Wikileaks will provide technology companies with exclusive access to CIA hacking tools that it possesses so they can patch software flaws, founder Julian Assange said on Thursday, presenting Silicon Valley with a potential dilemma on how to deal with the anti-secrecy group.
If the offer is legitimate, it would place technology companies in the unusual position of relying on Assange, a man believed by some US officials and lawmakers to be an untrustworthy pawn of Russian President Vladimir Putin, to share cyber vulnerabilities stockpiled by a secretive US spy agency.
It was not clear how WikiLeaks intended to cooperate with the companies. The group published documents on Tuesday describing secret Central Intelligence Agency hacking tools and snippets of computer code. It did not publish the full programs that would be needed to actually conduct cyber exploits against phones, computers and Internet-connected televisions.
"Considering what we think is the best way to proceed and hearing these calls from some of the manufacturers, we have decided to work with them to give them some exclusive access to the additional technical details that we have so that the fixes can be developed and pushed out, so people can be secure," Assange said during an online press conference from the Ecuadorean embassy in London.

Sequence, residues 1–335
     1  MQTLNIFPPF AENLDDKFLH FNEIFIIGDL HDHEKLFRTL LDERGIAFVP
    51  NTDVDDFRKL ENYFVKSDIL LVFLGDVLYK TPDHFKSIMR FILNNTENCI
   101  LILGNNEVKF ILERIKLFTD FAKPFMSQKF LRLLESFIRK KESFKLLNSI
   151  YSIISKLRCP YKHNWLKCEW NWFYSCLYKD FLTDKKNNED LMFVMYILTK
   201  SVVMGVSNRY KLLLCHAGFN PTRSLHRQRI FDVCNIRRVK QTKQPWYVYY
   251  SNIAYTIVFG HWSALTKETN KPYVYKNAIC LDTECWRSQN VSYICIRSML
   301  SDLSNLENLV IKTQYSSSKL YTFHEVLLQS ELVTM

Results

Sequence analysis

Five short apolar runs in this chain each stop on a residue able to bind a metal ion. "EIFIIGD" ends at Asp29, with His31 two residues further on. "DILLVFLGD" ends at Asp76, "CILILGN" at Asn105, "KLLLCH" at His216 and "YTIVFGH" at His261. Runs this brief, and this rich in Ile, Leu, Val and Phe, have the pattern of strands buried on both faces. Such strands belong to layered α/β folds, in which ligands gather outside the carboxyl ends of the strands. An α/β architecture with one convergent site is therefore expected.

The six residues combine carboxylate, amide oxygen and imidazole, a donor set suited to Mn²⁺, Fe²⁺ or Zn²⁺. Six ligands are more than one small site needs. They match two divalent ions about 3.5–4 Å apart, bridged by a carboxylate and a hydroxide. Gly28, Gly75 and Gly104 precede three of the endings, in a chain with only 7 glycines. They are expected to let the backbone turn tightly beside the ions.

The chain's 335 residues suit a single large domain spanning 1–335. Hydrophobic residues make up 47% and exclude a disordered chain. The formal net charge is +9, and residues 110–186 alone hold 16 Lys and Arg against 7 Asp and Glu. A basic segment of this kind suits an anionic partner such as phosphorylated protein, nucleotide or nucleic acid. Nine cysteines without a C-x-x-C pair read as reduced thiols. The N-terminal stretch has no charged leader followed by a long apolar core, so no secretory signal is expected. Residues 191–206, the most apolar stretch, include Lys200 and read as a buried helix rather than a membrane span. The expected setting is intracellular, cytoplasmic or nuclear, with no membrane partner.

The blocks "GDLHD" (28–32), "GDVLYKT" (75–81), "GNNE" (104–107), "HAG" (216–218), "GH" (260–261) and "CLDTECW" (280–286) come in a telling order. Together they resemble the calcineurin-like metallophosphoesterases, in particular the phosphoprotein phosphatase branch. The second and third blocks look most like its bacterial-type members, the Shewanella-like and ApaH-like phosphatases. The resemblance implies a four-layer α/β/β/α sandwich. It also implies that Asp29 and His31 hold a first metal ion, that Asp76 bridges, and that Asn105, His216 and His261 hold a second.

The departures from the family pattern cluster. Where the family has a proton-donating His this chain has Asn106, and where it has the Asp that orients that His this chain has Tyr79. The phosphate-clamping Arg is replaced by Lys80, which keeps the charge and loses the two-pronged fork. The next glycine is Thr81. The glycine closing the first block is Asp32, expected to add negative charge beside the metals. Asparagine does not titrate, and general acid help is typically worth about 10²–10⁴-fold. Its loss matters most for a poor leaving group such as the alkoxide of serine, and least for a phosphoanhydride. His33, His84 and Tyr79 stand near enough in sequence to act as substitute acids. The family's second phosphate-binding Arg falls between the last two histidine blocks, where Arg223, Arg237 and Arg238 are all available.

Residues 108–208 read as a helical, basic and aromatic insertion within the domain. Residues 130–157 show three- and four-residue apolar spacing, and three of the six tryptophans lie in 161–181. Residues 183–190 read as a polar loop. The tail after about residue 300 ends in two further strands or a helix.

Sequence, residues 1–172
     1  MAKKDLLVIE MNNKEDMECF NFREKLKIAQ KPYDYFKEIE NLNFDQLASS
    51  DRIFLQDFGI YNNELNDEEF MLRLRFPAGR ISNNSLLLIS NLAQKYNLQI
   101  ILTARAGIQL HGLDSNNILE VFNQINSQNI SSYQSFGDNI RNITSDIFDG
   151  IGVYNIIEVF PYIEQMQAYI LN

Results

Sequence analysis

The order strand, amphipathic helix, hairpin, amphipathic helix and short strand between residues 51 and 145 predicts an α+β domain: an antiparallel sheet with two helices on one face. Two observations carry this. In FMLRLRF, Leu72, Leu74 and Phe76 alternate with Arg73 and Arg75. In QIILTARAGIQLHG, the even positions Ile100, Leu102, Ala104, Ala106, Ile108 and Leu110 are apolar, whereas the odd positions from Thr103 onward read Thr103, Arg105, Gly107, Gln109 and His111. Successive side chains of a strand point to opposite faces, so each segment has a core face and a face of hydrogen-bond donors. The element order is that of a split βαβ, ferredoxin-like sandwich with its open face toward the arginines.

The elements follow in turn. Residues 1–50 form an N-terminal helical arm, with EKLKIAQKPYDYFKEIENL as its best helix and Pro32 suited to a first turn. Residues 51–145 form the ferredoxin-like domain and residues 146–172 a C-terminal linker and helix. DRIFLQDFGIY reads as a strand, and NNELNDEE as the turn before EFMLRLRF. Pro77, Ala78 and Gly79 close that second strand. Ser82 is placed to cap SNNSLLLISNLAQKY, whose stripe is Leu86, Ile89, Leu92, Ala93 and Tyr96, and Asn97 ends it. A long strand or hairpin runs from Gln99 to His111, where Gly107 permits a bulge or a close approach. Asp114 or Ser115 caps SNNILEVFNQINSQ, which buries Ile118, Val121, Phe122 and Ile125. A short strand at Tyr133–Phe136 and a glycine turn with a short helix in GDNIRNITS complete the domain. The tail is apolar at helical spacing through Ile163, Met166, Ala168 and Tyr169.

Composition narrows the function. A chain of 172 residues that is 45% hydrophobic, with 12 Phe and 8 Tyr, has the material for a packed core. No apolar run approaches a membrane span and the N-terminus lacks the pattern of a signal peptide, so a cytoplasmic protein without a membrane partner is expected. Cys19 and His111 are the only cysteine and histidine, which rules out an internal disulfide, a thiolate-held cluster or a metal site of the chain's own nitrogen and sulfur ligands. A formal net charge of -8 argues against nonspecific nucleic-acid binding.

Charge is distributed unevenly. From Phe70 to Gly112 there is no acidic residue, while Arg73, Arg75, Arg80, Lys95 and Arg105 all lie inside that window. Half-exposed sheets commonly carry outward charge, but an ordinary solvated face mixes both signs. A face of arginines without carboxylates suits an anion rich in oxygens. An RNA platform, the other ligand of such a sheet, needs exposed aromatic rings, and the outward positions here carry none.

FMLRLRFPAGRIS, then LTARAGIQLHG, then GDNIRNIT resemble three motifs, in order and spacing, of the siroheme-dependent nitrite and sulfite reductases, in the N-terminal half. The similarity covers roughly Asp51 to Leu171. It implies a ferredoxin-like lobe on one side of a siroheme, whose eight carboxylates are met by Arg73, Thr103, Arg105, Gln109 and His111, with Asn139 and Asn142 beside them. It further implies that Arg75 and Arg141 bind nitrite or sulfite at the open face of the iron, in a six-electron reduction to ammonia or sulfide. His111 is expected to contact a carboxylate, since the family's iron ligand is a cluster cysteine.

Assange took refuge at the embassy in 2012 to avoid extradition to Sweden over allegations of rape, which he denies.
"We've seen Julian Assange's statement and have not yet been contacted," a Microsoft representative said. "Our preferred method for anyone with knowledge of security issues, including the CIA or Wikileaks, is to submit details to us at email@example.com so we can review information and take any necessary steps to protect customers."
Representatives of Google
Responding to Assange, CIA spokesman Jonathan Liu, said in a statement: "As we’ve said previously, Julian Assange is not exactly a bastion of truth and integrity."
"Despite the efforts of Assange and his ilk, CIA continues to aggressively collect foreign intelligence overseas to protect America from terrorists, hostile nation states and other adversaries."
WikiLeaks' disclosures this week caused alarmed in the technology world and among consumers because of the potential privacy implications of the cyber espionage tactics that were described.
One file described a programme known as Weeping Angel that purportedly could take over a Samsung smart television, making it appear it was off when in fact it was recording conversations in the room.
Other documents described ways to hack into Apple iPhones, devices running Google's Android software and other gadgets in a way that could observe communications before they are protected by end-to-end encryption offered by messaging apps like Signal or WhatsApp.
Several companies have already said they are confident that their recent security updates have accounted for the purported flaws described in the CIA documents. Apple said in a statement on Tuesday that "many of the issues" leaked had already been patched in the latest version of its operating system.
WikiLeaks' publication of the documents reignited a debate about whether U.S. intelligence agencies should hoard serious cyber security vulnerabilities rather than share them with the public. An interagency process created under former President Barack Obama called for erring on the side of disclosure.
(Reporting by Dustin Volz; Additional reporting by Eric Auchard in Frankfurt, Joseph Menn in San Francisco and Guy Falconbridge in London; Editing by Grant McCool and Frances Kerry)